In the summer of 1967, American educators of the deaf observed two significant milestones. It was a year which commemorated establishment of the first school for the deaf 150 years before in Hartford, Connecticut, and which celebrated the 100th anniversary of the introduction of oral methods of teaching the deaf at the Clarke School for the Deaf and the Lexington School for the Deaf. Although great strides have been made in the education of deaf children in the United States, a variety of problems which have existed since 1817 still continue to plague the field and to resist the efforts of even the most committed and creative teachers.
If one could perceive, Janus-like, the past and future, retrospectus and prospectus, the view might be unsettling and could call into question some of our basic beliefs. It is common, in education as well as in other fields, to equate the past with failure, the present with innovation, and the future with success; however, it has been arguedl that, in written language at least, deaf children of 100 years ago were superior to those being graduated or terminated from the schools and programs of today. A reading of compositions of 19th-century deaf students might tend to substantiate such a statement, even though it should be noted that a much higher proportion of students were postverbally deaf then than is the case today.
Still, it cannot be denied that results, in the form of academic achievement, leave much to be desired. It has been demonstrated consistently that the educational attainment of deaf children falls far below what might be predicted on the basis of chronological age and/or mental age.2,3,4 A cumulative deficit also has been shown to exist; i.e., the academic retardation of the deaf, relative to the hearing, increases as a function of age due to the tendency for the achievement scores of the deaf to plateau during adolescence.245 After a deaf child enters his teens, annual gains are typically measured in terms of tenths of years. The deaf child starts school at a disadvantage that is continually expanding and is never overcome.
The area in which the deaf child is weakest, and which underlies his deficiency in other areas, is his language ability. Studies of academic achievement of the deaf 3,4,6,7 indicate that their lowest scores are earned on Word Meaning and Paragraph Meaning subtests. The median reading achievement score for the deaf at age 16 has been reported to be grade 3.4.8 Other investigators3,5,6 produce somewhat higher figures, but none reach a grade level for any group of 6.0. It has been demonstrated9 that even these low estimates are spuriously inflated because the nature of multiple-choice tests standardized on the hearing is such as to assume a base of linguistic proficiency that most deaf children do not possess.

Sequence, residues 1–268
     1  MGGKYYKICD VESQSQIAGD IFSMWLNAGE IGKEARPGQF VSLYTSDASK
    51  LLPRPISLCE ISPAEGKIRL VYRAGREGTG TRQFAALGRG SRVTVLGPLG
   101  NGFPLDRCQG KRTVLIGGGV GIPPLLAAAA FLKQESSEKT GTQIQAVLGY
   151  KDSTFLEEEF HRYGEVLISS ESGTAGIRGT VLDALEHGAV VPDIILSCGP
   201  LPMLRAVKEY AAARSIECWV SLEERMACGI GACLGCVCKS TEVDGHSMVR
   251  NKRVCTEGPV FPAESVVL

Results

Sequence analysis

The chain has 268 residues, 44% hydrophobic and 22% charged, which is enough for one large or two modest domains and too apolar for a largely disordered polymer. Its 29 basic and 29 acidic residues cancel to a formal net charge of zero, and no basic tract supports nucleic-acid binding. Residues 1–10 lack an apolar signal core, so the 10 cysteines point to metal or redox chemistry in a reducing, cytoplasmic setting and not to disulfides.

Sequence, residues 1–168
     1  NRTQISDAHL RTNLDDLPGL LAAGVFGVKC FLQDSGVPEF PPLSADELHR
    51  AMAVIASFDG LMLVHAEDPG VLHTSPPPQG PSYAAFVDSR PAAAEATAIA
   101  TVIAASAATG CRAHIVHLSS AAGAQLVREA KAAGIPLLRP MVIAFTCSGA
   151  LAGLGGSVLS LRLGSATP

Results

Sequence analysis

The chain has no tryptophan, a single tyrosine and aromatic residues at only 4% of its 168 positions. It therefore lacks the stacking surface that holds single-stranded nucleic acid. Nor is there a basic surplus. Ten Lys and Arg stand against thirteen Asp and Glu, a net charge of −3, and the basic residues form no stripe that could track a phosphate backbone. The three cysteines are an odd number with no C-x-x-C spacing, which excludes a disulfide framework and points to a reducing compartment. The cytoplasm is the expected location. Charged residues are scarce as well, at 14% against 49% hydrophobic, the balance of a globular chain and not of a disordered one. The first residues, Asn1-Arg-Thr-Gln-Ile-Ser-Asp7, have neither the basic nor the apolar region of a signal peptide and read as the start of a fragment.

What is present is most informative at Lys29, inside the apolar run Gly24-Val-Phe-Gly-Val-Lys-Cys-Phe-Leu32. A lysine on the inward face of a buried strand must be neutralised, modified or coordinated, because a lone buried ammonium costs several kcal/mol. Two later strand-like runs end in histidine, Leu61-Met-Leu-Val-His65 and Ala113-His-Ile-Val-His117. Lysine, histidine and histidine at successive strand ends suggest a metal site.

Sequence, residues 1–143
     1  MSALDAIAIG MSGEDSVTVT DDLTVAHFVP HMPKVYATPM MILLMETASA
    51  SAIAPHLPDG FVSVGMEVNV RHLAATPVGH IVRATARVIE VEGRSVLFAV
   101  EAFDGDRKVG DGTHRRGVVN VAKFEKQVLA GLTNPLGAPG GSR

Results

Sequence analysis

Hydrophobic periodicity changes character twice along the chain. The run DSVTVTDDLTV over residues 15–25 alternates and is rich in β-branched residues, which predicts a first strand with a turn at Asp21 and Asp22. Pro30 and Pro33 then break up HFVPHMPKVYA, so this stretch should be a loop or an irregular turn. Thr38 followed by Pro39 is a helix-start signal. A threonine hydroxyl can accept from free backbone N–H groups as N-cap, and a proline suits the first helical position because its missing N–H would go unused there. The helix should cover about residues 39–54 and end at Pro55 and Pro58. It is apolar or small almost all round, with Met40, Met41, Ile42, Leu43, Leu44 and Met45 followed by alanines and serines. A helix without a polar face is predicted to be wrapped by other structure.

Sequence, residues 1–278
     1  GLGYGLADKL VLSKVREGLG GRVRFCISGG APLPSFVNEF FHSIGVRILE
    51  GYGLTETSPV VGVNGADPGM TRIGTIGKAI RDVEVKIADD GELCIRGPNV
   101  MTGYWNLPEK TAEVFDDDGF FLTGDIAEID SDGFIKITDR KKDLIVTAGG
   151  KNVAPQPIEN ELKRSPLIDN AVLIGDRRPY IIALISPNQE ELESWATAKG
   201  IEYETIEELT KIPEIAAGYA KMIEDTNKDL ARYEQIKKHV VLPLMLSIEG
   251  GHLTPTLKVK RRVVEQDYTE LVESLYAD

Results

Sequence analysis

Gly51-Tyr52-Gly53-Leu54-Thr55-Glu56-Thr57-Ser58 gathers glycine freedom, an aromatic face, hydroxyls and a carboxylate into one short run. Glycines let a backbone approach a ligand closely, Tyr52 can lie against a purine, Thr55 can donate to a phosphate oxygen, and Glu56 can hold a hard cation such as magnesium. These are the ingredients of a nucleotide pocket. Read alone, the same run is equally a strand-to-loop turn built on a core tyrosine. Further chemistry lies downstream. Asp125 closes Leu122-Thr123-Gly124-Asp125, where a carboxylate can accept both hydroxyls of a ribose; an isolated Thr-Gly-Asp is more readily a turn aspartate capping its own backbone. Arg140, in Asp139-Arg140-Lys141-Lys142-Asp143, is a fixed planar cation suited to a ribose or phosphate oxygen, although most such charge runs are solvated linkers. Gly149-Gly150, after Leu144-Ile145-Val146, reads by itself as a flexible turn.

Thus, results paint a gloomy picture which forces educators of the deaf to a choice. We can continue along the same lines that have been set down in the past and face the discouraging prospect of producing disproportionate numbers of intellectually normal yet functionally illiterate deaf adults, or we can begin to reexamine the whole structure of our educational programs and the practical means by which we hope to attain our goals.
There exist today large bodies of knowledge and techniques in education and psychology that are of tremendous potential value for the deaf. Programmed instruction, both of a linear, Skinnerian type, and the more sophisticated response-dependent systems approach, come immediately to mind. The investigations of Bruner10 with very young hearing children raise exciting possibilities. In the public schools, the principles of the new math and the developments in linguistic approaches to teaching reading should be readily adaptable to deaf children. Principles of operant conditioning applied to behavior modification could be utilized in a variety of situations. The work on attention theory and attending behavior" has not received the attention it deserves. …